Good jobs, parts I and II

Good jobs

By Ben Teehankee

November 5, 2007

Managing For Society column, The Manila Times

Do you have a good job? Since you spend most of your waking time at work, the goodness of your job should be a concern because it can greatly influence the quality of your life. Employers, on the other hand, need to be conscious about the human impact of the jobs they design for workers. Workers are not machines, after all, and their well-being at work should be given due attention.

But what is a good job? The International Labour Organization (ILO) has proposed a concept of “decent work” which gives a comprehensive list of desirable job characteristics from the point of view of workers’ human rights and life goals. Psychologists, for their part, have recommended features of a well-designed job that inspire worker commitment and well being. Both approaches are useful in evaluating the goodness of jobs.

The ILO explains that “decent work sums up the aspirations of people in their working lives. It involves (1) opportunities for work that is productive and delivers a fair income, (2) security in the workplace and social protection for families, (3) better prospects for personal development and social integration, (4) freedom for people to express their concerns, organize and participate in the decisions that affect their lives and (5) equality of opportunity and treatment for all women and men.”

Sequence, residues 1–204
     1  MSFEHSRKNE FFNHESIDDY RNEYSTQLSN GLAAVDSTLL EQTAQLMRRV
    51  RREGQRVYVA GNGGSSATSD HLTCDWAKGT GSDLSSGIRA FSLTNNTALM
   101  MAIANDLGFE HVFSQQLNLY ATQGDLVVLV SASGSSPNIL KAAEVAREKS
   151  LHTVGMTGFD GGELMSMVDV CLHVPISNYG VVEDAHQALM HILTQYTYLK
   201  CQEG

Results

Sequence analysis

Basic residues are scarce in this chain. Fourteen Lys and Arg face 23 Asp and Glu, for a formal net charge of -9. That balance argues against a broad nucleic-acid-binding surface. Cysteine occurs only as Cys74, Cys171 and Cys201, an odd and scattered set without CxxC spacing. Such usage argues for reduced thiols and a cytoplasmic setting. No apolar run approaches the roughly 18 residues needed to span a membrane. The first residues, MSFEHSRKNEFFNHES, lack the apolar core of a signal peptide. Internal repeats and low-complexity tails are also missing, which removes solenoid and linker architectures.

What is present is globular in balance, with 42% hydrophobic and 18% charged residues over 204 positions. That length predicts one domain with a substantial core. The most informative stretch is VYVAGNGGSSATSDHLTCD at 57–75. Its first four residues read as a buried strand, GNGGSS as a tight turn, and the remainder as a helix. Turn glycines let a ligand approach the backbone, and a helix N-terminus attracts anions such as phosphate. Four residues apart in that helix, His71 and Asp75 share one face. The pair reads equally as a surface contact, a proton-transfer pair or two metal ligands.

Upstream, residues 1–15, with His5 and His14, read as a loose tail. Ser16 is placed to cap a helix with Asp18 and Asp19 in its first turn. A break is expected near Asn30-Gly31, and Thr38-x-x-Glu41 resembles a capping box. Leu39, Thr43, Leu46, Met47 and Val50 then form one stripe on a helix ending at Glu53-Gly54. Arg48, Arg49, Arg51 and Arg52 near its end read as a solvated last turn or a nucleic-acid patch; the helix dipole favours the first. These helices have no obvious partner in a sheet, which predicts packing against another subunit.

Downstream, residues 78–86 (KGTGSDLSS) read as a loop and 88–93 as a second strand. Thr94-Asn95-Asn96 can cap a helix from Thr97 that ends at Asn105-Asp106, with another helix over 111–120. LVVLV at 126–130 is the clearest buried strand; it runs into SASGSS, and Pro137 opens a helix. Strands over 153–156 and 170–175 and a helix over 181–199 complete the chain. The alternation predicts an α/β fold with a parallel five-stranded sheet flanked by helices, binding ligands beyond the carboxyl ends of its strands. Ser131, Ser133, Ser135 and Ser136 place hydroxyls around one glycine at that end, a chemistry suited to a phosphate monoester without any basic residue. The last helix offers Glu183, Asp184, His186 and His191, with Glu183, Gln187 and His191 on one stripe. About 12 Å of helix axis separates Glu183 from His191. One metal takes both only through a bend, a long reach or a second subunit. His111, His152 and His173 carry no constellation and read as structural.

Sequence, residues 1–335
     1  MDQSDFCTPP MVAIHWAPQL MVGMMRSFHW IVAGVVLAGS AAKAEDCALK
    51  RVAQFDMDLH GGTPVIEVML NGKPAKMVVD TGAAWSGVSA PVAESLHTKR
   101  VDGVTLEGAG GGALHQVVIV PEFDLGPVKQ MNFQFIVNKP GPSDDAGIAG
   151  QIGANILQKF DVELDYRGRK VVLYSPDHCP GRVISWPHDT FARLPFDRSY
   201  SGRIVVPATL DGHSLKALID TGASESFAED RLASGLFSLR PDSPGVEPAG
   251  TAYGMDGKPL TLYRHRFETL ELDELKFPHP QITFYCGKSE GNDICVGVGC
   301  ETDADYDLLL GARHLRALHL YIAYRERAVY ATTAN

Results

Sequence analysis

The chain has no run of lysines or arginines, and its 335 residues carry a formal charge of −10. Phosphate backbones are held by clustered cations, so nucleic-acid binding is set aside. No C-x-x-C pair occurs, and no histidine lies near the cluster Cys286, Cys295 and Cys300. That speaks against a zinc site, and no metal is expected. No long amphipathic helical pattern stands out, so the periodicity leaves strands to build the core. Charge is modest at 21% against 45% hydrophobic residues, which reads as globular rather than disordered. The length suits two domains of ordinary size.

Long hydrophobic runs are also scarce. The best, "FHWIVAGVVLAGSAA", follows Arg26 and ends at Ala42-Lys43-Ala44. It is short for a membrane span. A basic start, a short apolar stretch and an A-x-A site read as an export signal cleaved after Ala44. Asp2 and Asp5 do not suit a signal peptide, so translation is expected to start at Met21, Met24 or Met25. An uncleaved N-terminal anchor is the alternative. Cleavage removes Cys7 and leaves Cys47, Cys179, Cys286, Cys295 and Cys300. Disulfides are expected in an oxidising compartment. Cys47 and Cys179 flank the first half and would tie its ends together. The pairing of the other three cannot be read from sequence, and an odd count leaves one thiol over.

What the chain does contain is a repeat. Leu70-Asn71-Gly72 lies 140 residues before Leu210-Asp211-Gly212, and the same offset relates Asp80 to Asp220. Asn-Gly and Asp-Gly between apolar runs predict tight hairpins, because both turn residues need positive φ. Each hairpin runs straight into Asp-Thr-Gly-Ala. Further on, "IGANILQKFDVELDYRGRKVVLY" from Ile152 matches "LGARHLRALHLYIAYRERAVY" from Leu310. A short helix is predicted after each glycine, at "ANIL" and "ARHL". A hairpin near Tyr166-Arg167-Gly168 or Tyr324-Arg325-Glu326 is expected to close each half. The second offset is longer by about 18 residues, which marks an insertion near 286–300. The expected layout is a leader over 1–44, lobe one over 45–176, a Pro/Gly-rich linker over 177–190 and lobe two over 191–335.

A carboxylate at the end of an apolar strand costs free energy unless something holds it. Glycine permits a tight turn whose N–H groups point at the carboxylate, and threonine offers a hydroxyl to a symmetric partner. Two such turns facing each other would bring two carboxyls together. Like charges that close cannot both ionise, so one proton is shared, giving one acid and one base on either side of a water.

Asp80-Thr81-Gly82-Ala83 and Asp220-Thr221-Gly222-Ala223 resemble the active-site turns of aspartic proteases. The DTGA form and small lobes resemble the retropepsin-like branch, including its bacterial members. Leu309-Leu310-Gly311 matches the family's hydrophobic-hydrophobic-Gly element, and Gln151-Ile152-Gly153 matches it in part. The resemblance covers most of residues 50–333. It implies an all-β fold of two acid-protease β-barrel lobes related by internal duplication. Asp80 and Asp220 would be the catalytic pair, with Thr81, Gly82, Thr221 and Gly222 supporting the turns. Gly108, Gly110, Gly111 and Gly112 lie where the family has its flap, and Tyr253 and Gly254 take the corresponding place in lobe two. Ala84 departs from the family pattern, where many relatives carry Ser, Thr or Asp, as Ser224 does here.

The ILO’s ethical criteria for evaluating work can be easily applied to any job. For example, sales or fast-food jobs on perpetual short-term contracts which deprive workers of an organized voice in company work policies would not qualify as good jobs. Likewise, jobs which discriminate in favor of certain religious denominations when giving regular status because of the latter’s non-union stance would not qualify as good jobs. ILO’s reasoning is simple: jobs which violate basic human rights or stunt natural human aspirations for personal development are not good jobs.

Psychologists Richard Hackman and Greg Oldham have identified five job characteristics which result in higher motivation and well-being for workers. Skill variety looks at the extent a job requires a worker to use a number of different skills and talents. A job which entails only photocopying for eight hours a day would be missing this important job characteristic.

A job which requires completion of a whole and identifiable piece of work has the characteristic of task identity. If this piece of work output has a substantial impact on the work or lives of others, then the job has task significance. A janitorial job which entails being called at random to sweep floors at different parts of a hospital would have low task identity and task significance. Assigning the worker to a particular area of the hospital and including disinfecting functions would improve the job.

Autonomy is the amount of discretion a job allows a worker in choosing a schedule and an approach for doing the work. Feedback is the degree to which the worker gets direct and clear information on how well he or she is performing a job. A manufacturing job which requires simply following a fixed schedule and procedure for assembling a component to be checked and adjusted by another worker would be low in both autonomy and feedback. It would be better to allow the worker scheduling discretion as well as training in checking the quality of his own work through measurement instruments.

Next week, we will apply the above criteria on the fast-growing call center industry. Are call centers giving good jobs?

Good jobs (2)

November 12, 2007